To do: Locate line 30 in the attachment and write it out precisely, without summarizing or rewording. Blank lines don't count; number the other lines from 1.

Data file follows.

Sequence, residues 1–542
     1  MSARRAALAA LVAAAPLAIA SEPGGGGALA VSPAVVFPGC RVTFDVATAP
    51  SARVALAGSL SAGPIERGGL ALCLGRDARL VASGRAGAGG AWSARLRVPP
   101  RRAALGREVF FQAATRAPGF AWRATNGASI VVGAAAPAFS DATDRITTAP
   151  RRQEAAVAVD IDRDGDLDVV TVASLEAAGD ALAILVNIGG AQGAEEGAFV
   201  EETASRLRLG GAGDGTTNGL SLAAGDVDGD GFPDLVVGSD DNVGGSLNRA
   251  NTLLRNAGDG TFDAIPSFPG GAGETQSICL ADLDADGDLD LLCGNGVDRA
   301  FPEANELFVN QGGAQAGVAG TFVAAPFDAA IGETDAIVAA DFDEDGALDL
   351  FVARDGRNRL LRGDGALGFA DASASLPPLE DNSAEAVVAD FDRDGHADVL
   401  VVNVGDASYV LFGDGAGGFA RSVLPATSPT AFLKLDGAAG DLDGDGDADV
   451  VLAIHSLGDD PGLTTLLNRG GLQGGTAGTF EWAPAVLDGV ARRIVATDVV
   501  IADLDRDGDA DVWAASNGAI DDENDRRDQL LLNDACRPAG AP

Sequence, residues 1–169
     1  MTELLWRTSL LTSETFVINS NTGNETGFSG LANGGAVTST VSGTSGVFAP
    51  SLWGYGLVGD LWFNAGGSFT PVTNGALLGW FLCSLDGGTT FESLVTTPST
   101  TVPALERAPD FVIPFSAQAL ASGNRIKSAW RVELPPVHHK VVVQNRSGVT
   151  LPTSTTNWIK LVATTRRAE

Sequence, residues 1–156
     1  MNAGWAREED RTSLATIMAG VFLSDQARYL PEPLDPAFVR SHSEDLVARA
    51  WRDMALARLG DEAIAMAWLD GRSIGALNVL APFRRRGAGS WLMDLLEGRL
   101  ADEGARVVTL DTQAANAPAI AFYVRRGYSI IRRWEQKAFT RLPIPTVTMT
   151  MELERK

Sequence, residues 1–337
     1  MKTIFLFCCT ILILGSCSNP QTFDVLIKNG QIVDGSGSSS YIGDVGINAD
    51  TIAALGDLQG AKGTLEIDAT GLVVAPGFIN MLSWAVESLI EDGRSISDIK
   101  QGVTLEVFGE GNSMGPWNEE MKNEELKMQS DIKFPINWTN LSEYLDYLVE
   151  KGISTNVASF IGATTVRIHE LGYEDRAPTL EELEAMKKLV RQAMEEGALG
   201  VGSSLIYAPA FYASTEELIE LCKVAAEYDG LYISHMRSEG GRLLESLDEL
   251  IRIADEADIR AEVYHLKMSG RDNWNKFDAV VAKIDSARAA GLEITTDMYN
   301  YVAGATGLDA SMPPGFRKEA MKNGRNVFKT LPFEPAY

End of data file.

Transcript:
   301  YVAGATGLDA SMPPGFRKEA MKNGRNVFKT LPFEPAY